What Matters in Being Chinese: past and present

History 6A

Fall 2017
180 Tan
Day & Time: 
TuTh 12:30-2
Class Number: 
  • This course satisfies the Pre-Modern Requirement for the History Major.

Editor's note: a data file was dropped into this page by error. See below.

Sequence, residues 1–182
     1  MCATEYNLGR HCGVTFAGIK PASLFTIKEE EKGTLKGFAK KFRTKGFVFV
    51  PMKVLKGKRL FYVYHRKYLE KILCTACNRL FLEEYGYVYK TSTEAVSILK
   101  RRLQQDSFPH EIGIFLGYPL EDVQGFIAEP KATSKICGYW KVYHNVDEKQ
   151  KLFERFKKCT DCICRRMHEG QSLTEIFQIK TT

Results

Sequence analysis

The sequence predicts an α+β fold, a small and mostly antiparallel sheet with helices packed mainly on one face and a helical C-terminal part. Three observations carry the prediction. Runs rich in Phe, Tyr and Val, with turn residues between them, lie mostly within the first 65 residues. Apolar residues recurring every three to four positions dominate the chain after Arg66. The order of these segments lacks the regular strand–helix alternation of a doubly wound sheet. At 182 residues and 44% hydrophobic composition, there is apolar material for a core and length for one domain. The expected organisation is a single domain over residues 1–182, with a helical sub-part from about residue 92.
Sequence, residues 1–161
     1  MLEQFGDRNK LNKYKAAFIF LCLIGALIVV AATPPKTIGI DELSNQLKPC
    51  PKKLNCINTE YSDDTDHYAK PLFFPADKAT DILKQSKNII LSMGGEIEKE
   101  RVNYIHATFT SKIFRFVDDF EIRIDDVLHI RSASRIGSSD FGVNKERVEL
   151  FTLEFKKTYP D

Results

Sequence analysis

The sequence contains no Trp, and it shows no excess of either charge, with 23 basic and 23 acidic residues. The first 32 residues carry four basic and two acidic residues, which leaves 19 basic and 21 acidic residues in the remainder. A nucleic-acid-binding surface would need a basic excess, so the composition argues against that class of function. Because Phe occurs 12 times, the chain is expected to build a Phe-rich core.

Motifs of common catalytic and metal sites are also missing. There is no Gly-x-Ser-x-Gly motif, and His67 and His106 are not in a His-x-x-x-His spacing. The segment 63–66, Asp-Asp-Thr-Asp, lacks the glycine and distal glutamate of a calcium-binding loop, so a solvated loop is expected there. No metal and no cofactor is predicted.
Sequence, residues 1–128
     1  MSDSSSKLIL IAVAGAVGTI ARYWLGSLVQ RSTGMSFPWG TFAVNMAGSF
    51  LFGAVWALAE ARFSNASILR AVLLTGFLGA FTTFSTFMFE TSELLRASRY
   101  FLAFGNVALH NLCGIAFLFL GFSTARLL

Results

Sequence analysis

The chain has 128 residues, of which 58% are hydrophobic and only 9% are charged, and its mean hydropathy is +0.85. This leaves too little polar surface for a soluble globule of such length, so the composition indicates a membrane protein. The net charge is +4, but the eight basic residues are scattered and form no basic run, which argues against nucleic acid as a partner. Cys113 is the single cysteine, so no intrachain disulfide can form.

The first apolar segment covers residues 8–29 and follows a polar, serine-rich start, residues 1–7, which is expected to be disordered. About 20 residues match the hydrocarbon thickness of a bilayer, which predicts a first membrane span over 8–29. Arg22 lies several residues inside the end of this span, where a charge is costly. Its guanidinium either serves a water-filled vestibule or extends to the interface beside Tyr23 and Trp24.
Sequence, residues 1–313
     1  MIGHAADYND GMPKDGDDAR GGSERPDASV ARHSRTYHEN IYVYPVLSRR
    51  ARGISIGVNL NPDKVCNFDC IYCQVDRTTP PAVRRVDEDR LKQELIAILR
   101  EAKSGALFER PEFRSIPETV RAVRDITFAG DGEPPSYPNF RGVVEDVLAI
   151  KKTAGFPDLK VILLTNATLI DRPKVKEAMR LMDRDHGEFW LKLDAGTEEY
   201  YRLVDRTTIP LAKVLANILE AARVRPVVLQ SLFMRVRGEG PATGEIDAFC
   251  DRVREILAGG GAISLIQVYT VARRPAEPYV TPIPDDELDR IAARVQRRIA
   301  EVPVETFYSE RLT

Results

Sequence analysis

• Increasingly, in today's world of identity politics, we encounter fantastic or essentializing assertions about "Chineseness" or "Chinese identity."  This course, which covers formative millennia — Anyang (1300 BC) to the fall of Southern Song in 1279 — seeks from the dual vantage points of past and present to reexamine many of the defining features of the premodern era in China that contribute to modern identity, including the following: (1) how did Chinese empires differ from those of Rome or the Near East? (2) how were "barbarians" defined by those in the Central States or Zhongguo? (3) how did major advances in technology and science inform the societies responding to them? (4) what notions of justice, law, and the common good were widely shared among rulers and their subjects? (5) what magical and religious roles were assigned the spirit world in daily life? (6) what environmental conditions shaped people's ways of life, and why did people's views of the environment change markedly over time? (7) how many Silk Roads were there, and how did they keep the culture open? and (8) how was knowledge produced and learning transmitted?  As students will discover, vibrant traditions in China (multiple) came together and cross-fertilized, producing often a surprising cohesiveness, but also strong traditions of resistance, uprisings, and contrary stances.  The true histories of China are exciting and absorbing, once we imagine the human dynamics, intellectual and sociopolitical innovations, and distinctive political realities.